It’s 2003. I’m cross-legged on the floor, probably picking a wedgie, struggling to make out the weekly notices from the blown out overhead speakers read by my primary school’s unbelievably apathetic janitor. I never heard a word of the announcements; partly because I couldn’t make them out, but mostly because I was a seven-year-old and had much more to worry about. So I had no idea what the principal was approaching me about later that afternoon when I was asked to participate in ‘Bushfires and Beyond’: a competition encouraging young people to write about their personal experiences with the January bushfires that devastated Canberra that year. Now, I was not present for the bushfires. I was actually in Sydney for the weekend visiting my Grandmother. But this didn’t stop me from gratefully taking the opportunity, baring my baby teeth, and fictionalizing my entire traumatic experience. I took the self-assuring pat on the back that told me I was at least a little note-worthy for something. I mean, my school Principal referred to me as the second best writer in my grade – which, retrospectively, was telling me that I was a pretty good writer out of twenty-something kids, but still not the best. Nevertheless, this back-handed compliment flew straight past me. Chock-full of confidence, I went on to write a sixteen line free verse poem which alluded to my immediate family passing away as a result of the fires. This won me first place in the lower primary category ACT wide.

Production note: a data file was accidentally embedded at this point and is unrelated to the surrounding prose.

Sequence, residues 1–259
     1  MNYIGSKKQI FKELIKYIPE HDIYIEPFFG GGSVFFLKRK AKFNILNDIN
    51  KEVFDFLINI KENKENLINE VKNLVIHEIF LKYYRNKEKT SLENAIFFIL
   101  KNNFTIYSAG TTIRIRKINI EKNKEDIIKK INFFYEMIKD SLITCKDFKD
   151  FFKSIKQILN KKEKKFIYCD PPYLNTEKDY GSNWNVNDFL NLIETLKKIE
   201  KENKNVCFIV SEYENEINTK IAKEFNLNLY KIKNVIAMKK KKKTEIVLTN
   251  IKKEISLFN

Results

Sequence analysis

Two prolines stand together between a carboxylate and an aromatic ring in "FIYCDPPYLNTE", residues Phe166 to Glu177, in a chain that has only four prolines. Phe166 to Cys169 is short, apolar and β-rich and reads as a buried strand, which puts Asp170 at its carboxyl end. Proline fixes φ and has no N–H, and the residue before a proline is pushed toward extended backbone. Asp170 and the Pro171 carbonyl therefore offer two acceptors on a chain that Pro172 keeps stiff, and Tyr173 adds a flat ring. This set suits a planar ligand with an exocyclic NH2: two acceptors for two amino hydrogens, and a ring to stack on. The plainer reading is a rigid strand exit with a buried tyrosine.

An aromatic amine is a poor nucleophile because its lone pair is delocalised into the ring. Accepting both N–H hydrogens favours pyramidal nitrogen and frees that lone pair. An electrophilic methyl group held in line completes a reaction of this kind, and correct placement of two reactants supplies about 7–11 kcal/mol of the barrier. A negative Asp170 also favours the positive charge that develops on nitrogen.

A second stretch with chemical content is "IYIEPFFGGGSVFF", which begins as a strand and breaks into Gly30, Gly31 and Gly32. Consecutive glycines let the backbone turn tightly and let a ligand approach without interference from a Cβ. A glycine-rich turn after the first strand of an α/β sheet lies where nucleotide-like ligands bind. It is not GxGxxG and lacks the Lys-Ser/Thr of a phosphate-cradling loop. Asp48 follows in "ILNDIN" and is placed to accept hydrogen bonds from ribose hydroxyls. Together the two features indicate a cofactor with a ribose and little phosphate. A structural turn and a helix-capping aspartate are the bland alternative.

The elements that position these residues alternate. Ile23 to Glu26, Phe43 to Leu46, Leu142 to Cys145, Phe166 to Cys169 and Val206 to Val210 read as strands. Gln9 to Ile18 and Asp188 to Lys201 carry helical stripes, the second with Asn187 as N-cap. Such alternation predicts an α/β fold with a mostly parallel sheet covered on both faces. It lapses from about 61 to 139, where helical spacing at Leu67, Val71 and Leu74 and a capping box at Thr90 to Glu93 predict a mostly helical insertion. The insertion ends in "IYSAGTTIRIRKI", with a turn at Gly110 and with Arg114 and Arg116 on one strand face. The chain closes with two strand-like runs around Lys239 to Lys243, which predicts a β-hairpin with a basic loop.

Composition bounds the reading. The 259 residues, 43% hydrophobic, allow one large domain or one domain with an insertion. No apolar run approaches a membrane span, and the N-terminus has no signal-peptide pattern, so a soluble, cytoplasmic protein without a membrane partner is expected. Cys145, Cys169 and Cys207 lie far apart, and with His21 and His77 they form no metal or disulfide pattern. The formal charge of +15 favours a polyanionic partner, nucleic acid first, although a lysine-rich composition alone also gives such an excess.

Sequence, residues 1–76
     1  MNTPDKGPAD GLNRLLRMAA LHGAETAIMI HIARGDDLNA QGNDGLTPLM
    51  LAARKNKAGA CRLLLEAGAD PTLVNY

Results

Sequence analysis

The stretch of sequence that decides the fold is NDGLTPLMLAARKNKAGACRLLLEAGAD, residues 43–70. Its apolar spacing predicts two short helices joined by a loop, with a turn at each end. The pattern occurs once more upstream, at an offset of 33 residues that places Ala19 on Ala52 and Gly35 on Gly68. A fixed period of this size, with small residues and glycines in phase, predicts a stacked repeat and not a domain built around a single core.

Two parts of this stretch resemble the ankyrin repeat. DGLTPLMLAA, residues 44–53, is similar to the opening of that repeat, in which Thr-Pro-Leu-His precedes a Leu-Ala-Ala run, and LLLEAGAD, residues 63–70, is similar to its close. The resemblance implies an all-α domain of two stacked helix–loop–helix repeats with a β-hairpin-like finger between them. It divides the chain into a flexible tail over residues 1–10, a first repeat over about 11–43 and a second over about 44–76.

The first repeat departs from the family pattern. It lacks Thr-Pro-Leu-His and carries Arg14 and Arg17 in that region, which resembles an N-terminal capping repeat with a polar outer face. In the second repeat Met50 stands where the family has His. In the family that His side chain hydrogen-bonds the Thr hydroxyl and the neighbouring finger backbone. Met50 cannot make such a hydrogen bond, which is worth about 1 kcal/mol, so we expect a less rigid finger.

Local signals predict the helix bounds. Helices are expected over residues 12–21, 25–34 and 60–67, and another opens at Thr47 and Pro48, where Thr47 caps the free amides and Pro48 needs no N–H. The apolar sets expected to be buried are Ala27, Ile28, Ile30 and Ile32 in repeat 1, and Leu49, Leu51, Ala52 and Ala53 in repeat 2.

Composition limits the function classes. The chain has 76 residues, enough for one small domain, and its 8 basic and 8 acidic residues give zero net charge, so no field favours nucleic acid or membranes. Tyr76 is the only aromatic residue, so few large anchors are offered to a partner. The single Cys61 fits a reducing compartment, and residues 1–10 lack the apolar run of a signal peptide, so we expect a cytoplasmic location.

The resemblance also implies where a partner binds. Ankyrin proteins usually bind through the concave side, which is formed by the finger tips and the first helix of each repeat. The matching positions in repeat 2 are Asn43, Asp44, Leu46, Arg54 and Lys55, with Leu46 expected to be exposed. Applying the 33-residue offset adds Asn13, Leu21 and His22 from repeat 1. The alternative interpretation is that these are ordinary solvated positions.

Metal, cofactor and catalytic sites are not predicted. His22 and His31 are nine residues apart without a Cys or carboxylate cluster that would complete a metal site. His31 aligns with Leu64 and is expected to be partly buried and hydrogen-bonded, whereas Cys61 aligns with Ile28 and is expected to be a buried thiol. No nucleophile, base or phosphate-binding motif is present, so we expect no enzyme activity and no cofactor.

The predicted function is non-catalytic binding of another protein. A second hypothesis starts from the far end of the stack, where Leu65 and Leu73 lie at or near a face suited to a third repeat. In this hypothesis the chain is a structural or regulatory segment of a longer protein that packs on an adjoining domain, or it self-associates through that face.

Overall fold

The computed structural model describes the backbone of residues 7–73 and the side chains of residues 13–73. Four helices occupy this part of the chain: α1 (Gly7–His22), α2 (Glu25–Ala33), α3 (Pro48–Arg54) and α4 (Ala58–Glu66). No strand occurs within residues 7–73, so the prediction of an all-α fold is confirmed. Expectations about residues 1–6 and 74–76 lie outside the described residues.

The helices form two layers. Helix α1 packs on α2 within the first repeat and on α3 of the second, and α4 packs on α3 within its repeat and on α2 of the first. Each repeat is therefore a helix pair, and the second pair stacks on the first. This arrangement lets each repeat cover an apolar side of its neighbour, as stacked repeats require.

This was my first birth. In hindsight, the award meant nothing. All I was given was a hundred dollars for a bookstore that I chose to spend exclusively on Roald Dahl. Yet, from then on, I began to feel shackled to the pursuit of creative writing. It’s been eleven years, and I’m still unsure why this is – but I think it had something to do with Noni Hazlehurst. She presented me the award, and as a kid in second grade I was star-struck for months. I had come face to face with a Playschool host. A Playschool host thought I was going places. Surely I was headed somewhere worthy of at least a four star rating.